Cat also notes on the female gaze that ‘even in the most erotic mainstream works [citing Fifty Shades of Grey here], we’re still looking through the male gaze.’ As an artist herself, she found that she had to ‘switch off cultural ideas of what is sexual and get in touch with her own sexuality and desire’ to make her Captive Prince trilogy such a hot success.
Sarai’s work is interesting in the artful manner it draws attention to the way women are objectified as a natural fact. Her ‘feminist fight club, but way, way darker’ novel Dietland works by ‘flipping the switch’ as men’s bodies become visible and objectified as women’s are now. Greatly inspired by David Fincher’s film Fight Club, Sarai wanted to create ‘something like that for women.’
She was interested in the way anger is portrayed in the film and how men and women deal with anger differently. The men in Fight Club display anger through quite a spectacle. Women, on the other hand, tend to ‘turn their anger inward’. Sarai admits she was absorbed by the idea of whether women ever express their anger outwards and, if so, what would that look like? She contends that violence for women is not new and talks about the violence women do to their bodies through dieting or starving themselves, and beauty rituals that leave them with sensitive pink skin or bleeding.
Genre fiction and feminism
Admittedly, I’m a little obsessed with the romance genre, and during the audience question time I couldn’t help but ask whether the authors thought romances could be considered feminist writing. After all, it is a genre that is written by women, about women, and for women readers, and not only the largest genre written by women but also the largest commercial genre, period. Cat made a significant point about the illogical juxtaposition between the level of commerciality of the romance genre and the way it’s corralled in society.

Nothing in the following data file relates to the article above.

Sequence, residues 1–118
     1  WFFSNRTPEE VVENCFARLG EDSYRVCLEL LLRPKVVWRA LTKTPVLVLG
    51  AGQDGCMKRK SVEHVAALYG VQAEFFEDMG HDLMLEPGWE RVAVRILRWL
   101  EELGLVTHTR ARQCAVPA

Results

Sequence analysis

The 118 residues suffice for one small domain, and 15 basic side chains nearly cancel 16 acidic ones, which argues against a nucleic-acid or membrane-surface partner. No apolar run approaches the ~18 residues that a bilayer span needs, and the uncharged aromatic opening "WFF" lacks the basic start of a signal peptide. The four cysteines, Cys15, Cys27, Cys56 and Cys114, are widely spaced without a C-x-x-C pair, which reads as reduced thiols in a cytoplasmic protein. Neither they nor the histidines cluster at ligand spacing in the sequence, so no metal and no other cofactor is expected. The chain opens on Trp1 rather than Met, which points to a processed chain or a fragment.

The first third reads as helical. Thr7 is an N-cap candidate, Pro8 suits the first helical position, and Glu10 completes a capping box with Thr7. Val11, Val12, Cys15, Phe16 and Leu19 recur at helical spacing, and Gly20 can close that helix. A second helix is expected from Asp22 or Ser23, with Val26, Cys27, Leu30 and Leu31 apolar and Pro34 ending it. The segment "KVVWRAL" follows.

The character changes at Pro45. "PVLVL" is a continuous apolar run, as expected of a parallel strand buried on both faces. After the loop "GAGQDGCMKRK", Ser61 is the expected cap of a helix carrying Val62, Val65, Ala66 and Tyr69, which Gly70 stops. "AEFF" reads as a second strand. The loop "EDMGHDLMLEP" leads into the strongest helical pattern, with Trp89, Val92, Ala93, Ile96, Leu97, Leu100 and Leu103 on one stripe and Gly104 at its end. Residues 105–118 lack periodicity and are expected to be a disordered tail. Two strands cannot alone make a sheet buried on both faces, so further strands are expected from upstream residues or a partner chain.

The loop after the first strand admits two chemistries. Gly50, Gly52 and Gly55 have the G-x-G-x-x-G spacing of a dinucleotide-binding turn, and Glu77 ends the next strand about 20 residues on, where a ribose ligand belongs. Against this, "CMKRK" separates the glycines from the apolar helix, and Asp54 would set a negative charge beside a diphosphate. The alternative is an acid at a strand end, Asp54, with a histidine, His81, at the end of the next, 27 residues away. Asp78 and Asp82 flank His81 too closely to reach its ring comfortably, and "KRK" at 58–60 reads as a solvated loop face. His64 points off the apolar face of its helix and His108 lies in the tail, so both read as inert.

The content of romance novels may not always be explicitly feminist. A feminist critique of romances may in fact tell us interesting things about our cultural ideas of love (and a few scholars have dealt with this questions). However, Cat made the wonderful remark that it’s not until we have a genre that deals with female desire that we can have a feminist discourse around it. She further pointed out that romance is the genre that financially supports the publishing of every other genre. That it is consistently denigrated, reviled and ignored illustrates a major problem in the literary world and society, in general, about how we view women’s work.
Not surprisingly, genre and form have a huge impact on the feminist aspects of authors’ work. Ellena spoke about her experience as a columnist and meeting resistance as a female journalist, and Cat talked about the way the Fantasy genre in which she writes complicates what she feels she can address in her writing. She says that nostalgia is a huge aspect of writing Fantasy but ‘with Fantasy, women can’t go back into the past’ without things getting complicated. For women, the past is limiting and, in this way, she wrestles with seminal Fantasy texts by incorporating feminist themes.
Feminism necessarily pushes the boundaries. The authors agreed that ‘Women’s Fiction’ can sometimes be an oppressive categorisation, particularly when feminist writing doesn’t always fit neatly in any literary box. Ellena explained how feminist writing has always worked to challenge traditional ways of describing things. Not surprisingly, this is often met with resistance. Sarai notes that ‘gatekeepers keep out a lot of this content that pushes the boundaries’, to which Cat added in support that, like many authors who work within the blurry edges of categorisation, she ‘had to prove the existence of a market’ for her work because of its innovation within the Fantasy genre.
Ending the discussion, an audience question posed feminism as a sphere, questioning how we should deal with ‘flawed’ feminism (non-inclusive or non-intersectional feminism). The panellists unanimously agreed with Ellena’s statement that, importantly, feminism is ‘not absolute in the types of knowledge it expresses… An idea is never finished’ and the ‘work of feminism must be constantly aware and update itself’. Supporting this, Cat expressed the inherent tension between solidarity and dissent, and that both are important for the continuation of feminist discourse. While important to Sarai, is the idea that ‘feminism is essentially hopeful’, it is ‘integral to feminism that things can change’.
The panel ended with the writers revealing their latest reads (an admitted thrill for Amy). It was a refreshingly appropriate, total bookshop question we were all happy to hear and a perfect ending to a responsibly critical and ultimately optimistic talk.